…part one, by Visitor Service Staff Sophia Sample
At the beginning of last month, I spent a week at The British Museum as part of their VS Knowledge Circle programme. Overwhelmed by the success of their previous Knowledge Exchange programme and the number of applicants from Visitor Service staff, Georgia Mallin, programme manager, decided to pilot a new scheme giving VS staff the opportunity to experience life in other museums.
My week began with meeting VS Manger David Owen, who was to be my contact for the week. David took me on an initial tour of the museum, making sure to point out things of particular interest to me, including the oldest wall paintings on display. He talked me through the extraordinary amount of work the VS Team does on a day-to-day basis as we walked through the recently reopened gold-leafed China and South Asia gallery, marveled at the glass ceiling of the Great Court, and discussed dealing with controversy as we stood before the Parthenon Marbles. VS Team Leader Dimitra Kountiou acted as another week-long contact, looking after me incredibly well, allowing me to shadow her as she opened the museum, sharing with me some of the practical concerns and everyday problems the VS staff encounter, and finally accompanying me on a trip to the Wellcome Collection at the end of the week.
Having stated the importance of our volunteers at Salisbury Museum in my application, I was keen to meet with Volunteers Manager Francesca Goff, who last year took part in the Knowledge Exchange, spending a week with us. We spoke of the training volunteers receive, the object handling ‘Hands On’ desks, highlights tours and an initiative to encourage young volunteers to build confidence and skills essential for public-facing roles. Throughout the week I managed to speak with volunteers at all six ‘Hands On’ desks and attended a number of volunteer-facilitated gallery talks – I now know an awful lot more about Ancient Maya civilization than I ever thought I would!
Early in the week I had meetings with Paul Roberts, Ticketing and Information Manager, Natasha Berbank, Private Tours Manager, Claire Byfield, Membership Events Manager and Bryony Smith, Adult Programmes Events Manager. They gave me an insight into how the museum generates revenue through exhibitions, out-of-hours private tours, membership and patronage, and events. The majority of British Museum visitors are one-time visitors, and without a general admissions ticket that means most visitors spend little to nothing during their visit. They are therefore looking at new ways to engage with their audience and begin to draw people back with extra events, lectures, festivals and workshops.
Midweek I had the chance to visit the ‘I am Ashurbanipal, king of the world, king of Assyria’ exhibition. As a lover of all things Ancient and Assyrian, the exhibition was one of the main reasons I applied to the British Museum. I met and spoke with Carine Harmand, Project Curator, before attending her lecture, giving an overview of the rise and fall of Ashurbanipal’s Assyrian empire. You can see her below talking through the beautiful Assyrian reliefs from Ashurbanipal’s palace. The video also shows how lighting and projection were used in the exhibition to animate the reliefs. I was absolutely thrilled at the end of the week when David presented me with the exhibition catalogue as a goodbye present. It is still providing much enjoyment.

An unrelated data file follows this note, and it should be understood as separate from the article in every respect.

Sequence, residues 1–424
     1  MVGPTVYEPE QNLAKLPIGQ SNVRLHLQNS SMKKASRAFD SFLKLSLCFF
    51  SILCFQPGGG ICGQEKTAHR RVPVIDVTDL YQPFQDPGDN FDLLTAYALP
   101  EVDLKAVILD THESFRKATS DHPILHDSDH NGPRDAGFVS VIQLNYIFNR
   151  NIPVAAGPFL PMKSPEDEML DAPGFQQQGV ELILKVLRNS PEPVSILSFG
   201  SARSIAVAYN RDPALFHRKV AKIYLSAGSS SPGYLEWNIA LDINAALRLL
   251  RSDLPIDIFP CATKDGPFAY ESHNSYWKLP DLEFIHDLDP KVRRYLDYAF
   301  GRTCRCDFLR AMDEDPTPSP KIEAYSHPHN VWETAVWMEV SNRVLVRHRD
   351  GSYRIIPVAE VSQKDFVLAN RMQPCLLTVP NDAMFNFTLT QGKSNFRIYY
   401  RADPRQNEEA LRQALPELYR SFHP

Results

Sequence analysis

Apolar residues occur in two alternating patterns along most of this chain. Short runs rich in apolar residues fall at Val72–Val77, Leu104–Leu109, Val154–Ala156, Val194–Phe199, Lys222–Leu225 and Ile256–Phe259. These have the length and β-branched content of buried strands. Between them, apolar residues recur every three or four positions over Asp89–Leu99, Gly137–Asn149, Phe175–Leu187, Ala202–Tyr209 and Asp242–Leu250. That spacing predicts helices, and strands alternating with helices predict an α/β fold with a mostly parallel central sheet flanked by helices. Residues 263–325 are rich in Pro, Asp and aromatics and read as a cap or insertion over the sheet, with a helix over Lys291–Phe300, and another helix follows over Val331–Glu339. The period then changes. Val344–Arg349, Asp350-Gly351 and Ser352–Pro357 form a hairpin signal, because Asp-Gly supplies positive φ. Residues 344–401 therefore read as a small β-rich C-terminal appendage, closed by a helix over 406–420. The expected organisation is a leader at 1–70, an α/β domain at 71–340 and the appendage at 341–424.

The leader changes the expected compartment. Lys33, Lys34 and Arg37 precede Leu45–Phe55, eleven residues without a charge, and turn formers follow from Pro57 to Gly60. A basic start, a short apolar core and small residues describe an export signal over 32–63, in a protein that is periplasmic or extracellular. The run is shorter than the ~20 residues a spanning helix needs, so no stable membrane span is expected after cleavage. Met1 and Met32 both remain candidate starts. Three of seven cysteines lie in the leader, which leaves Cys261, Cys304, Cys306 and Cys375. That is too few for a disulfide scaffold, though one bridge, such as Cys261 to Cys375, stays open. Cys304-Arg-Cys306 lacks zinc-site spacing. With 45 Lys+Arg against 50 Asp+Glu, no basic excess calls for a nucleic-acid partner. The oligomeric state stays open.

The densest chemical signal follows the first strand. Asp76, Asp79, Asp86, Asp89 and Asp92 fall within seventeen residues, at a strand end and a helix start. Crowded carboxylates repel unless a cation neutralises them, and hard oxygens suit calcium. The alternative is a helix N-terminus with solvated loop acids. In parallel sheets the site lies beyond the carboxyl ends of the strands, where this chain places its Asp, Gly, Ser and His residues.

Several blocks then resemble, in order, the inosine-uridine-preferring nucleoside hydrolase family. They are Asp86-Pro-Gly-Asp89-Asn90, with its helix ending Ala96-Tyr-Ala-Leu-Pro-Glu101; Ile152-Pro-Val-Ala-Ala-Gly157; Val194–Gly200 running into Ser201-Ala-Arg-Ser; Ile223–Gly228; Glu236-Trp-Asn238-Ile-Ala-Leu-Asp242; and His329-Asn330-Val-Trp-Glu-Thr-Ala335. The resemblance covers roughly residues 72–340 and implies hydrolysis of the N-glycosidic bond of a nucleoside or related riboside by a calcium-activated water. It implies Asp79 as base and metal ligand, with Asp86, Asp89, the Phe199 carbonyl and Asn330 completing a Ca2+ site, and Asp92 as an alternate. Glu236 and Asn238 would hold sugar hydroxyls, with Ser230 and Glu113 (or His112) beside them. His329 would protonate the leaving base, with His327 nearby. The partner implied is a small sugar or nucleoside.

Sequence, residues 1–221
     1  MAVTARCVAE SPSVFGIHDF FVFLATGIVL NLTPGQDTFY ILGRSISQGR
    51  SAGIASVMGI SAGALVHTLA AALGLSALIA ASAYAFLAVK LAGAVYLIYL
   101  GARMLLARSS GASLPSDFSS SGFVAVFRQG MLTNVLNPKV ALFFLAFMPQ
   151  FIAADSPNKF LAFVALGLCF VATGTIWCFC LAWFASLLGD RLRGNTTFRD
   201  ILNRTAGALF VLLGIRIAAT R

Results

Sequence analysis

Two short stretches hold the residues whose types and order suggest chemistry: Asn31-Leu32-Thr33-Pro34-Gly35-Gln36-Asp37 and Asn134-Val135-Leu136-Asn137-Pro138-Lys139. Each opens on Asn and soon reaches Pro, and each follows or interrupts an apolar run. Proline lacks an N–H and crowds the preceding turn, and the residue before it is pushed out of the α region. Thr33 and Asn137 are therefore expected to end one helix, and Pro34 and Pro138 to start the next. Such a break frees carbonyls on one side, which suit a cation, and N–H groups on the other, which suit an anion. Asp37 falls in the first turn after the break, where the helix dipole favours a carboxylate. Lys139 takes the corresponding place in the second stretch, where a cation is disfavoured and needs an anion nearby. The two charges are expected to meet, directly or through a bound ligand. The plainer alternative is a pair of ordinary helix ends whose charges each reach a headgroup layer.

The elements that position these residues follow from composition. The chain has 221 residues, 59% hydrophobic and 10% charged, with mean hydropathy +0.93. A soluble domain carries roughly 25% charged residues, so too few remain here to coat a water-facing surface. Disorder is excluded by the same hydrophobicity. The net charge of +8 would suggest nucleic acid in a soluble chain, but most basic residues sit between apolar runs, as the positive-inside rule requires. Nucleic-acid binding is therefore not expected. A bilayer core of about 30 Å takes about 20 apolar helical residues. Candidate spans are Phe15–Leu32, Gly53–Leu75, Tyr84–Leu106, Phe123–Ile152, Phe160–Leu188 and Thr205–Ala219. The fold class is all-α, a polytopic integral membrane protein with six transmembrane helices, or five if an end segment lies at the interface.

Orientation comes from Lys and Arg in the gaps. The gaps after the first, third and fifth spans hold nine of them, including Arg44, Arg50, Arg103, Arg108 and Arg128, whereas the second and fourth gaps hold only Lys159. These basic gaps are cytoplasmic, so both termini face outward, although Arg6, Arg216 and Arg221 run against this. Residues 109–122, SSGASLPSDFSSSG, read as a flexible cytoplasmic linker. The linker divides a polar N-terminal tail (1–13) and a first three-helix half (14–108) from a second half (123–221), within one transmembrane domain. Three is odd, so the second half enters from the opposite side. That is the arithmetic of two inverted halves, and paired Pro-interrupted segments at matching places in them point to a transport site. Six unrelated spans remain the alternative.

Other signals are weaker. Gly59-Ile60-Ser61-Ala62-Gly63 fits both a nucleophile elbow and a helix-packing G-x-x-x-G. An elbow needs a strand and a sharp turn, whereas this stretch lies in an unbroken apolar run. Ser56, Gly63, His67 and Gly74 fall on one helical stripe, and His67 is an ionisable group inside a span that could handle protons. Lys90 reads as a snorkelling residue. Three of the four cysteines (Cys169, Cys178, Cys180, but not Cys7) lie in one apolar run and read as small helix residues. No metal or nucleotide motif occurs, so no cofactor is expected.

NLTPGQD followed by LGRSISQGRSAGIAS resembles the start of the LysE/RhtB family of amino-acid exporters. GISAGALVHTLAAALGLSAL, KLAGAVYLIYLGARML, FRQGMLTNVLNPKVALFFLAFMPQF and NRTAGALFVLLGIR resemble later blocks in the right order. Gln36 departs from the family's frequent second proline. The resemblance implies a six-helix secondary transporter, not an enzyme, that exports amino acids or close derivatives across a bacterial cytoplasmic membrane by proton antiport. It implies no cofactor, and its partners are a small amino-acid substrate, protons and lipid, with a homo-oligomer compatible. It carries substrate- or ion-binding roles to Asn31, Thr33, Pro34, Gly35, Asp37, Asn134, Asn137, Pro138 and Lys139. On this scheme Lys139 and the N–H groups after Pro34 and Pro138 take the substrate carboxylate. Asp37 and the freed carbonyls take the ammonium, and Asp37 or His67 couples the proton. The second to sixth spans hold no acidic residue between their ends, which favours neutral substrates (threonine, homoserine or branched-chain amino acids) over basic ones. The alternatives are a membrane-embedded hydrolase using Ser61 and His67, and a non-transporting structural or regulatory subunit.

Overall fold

Another set of meetings I had were with staff involved in outreach and communication. I met with Emmerline Smyth, Community Partnerships Coordinator and Nicolette Hamilton, from Age Friendly Museums. They both work with encouraging new audiences in to the museum, those who may feel it isn’t a place they would feel comfortable. They shared ideas about initiatives including exhibition previews for community groups, GP-referred friendship groups for older people, appointing ‘Culture Champions’ in the community and making quiet seating and eating spaces available.
I also met with Eleanor Chant and her colleagues from the National Programmes team who organise loans and travelling exhibitions. I had met Eleanor previously when she was involved with bringing Hoards: A Hidden History of Ancient Britain to Salisbury Museum late last year. She was interested to hear how the VS staff had found the exhibition and how many visitors we’d had who themselves had discovered hoards. A particularly interesting session was with Rob Florance, Social Media Manager. He greeted me very ominously with ‘Sophia? I’ve seen your tweets…’, before introducing me to colleague Eloise and talking me through their extensive work covering everything from Twitter, Instagram, Facebook and blog posts, to website articles and mail outs. I was impressed at the planning and forethought, having posts lined up weeks if not months in advance, and the interactions they have with curators and video production teams to ensure the highest quality, accurate information. We spoke about dealing with the negativity often encountered online and ways of dealing with it. Interesting in light of recent events in Salisbury!
In the next post I will share tales of my time behind-the-scenes…